Go to Contents Go to Navigation

NGO searching for burial sites to investigate N.K. human rights abuses: report

All Headlines 17:17 August 10, 2016

SEOUL, Aug. 10 (Yonhap) -- A South Korean civic group is carrying out an indirect search to find the burial sites of victims of North Korea's gross human rights violations, a U.S.-based media report said Wednesday.

According to Voice of America (VOA), the Seoul-based Transitional Justice Working Group (TJWG) is placing emphasis on examining various locations across the country where the oppressive communist regime may have buried people it killed over the years.

The group's chief secretary, Lee Young-hwan, told VOA that the ongoing survey is focused on recording and analyzing the burial locations by utilizing geographical longitude and latitude, on the basis of satellite imagery as well as the testimonies of North Korean defectors who settled in South Korea.

Moreover, the nongovernmental group (NGO) is also making efforts to look into the locations of the various levels of North Korean state organizations, including security-related units, which are directly or indirectly involved in the state sponsored human rights abuses.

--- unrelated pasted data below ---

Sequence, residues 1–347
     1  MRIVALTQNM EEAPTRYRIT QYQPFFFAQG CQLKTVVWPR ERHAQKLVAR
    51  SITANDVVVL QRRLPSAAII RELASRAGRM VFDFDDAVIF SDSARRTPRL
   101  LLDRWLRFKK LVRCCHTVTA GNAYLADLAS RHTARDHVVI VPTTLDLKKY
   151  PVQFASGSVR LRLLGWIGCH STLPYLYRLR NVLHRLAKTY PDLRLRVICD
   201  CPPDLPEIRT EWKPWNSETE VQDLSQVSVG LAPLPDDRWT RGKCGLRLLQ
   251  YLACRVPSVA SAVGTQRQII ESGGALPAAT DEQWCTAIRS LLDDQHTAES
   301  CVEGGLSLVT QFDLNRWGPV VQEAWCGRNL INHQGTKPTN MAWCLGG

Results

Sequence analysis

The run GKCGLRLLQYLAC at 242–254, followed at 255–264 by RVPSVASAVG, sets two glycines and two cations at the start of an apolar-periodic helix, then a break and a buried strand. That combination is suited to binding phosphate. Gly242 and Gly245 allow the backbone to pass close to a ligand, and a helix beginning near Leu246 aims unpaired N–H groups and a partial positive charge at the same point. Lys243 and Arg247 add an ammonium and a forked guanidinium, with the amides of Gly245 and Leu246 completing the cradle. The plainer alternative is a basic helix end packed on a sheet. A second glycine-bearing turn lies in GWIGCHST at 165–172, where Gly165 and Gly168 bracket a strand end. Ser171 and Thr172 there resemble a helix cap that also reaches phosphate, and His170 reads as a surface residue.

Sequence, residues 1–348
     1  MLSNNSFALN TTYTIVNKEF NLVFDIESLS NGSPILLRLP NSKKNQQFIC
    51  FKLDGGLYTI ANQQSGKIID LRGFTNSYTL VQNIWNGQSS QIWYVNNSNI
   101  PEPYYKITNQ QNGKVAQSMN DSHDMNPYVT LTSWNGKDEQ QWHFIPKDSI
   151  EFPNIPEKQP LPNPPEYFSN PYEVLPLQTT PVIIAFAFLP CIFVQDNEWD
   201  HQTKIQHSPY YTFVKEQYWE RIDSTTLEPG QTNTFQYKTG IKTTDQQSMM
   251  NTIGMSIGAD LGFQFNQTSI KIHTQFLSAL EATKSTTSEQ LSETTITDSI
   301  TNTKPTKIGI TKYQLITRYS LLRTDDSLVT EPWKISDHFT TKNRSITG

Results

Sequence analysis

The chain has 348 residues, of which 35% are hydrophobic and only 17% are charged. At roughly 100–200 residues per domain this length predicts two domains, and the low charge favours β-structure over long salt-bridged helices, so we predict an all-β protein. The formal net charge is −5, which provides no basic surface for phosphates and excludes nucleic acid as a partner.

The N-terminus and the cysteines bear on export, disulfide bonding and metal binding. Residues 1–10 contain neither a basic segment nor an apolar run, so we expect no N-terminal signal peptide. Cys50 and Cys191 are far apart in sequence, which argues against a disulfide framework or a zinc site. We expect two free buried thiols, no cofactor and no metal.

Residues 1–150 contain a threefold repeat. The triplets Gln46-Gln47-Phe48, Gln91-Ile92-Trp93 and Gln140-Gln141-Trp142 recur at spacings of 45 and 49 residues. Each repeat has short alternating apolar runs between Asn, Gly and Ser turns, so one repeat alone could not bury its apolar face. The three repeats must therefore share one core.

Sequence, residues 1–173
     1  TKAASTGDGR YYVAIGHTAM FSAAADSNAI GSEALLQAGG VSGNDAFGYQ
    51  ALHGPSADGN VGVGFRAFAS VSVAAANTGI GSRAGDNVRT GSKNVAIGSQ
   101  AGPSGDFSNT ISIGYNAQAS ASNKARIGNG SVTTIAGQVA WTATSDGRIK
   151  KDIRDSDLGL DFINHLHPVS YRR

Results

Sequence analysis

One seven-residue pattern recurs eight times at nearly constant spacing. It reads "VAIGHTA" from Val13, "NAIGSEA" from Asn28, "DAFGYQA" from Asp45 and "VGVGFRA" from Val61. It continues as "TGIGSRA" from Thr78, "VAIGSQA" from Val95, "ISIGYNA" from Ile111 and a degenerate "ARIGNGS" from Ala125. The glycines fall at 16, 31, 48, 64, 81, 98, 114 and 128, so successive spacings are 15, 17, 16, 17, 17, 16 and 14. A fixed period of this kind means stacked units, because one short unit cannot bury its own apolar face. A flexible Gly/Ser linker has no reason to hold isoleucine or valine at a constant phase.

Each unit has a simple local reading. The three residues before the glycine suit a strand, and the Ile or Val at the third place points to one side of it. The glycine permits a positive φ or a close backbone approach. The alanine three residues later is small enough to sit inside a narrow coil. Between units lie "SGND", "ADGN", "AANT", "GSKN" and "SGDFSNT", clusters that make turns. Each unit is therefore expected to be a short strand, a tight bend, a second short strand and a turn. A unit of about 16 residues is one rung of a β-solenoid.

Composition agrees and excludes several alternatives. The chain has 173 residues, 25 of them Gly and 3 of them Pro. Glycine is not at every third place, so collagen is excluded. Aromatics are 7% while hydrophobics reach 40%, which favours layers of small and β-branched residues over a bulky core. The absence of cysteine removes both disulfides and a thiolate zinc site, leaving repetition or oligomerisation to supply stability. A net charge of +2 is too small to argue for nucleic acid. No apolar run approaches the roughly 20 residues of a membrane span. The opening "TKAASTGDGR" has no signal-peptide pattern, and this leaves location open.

To this effect, the civic group already conducted a preliminary study on how to record and manage the screening process after interviewing some 100 North Korean defectors from early last year to March this year.

According to Lee, TJWG is currently talking to a group of some 300 defectors to get more information that can aid its search.

When a report is made from the preliminary survey, the NGO will let the world know how widespread and serious the human rights abuses are that are being committed in the reclusive country.

The Pyongyang regime is known to be operating crematoriums to dispose of the victims killed by torture at the reformation and concentration camps. The victims' ashes are known to be collectively buried in specific areas.

According to Lee, the civic group is collaborating and sharing information with other international and domestic organizations, so as to hold North Korean leaders accountable for the mass atrocities and human rights abuses down the line.

Send Feedback
How can we improve?
Thanks for your feedback!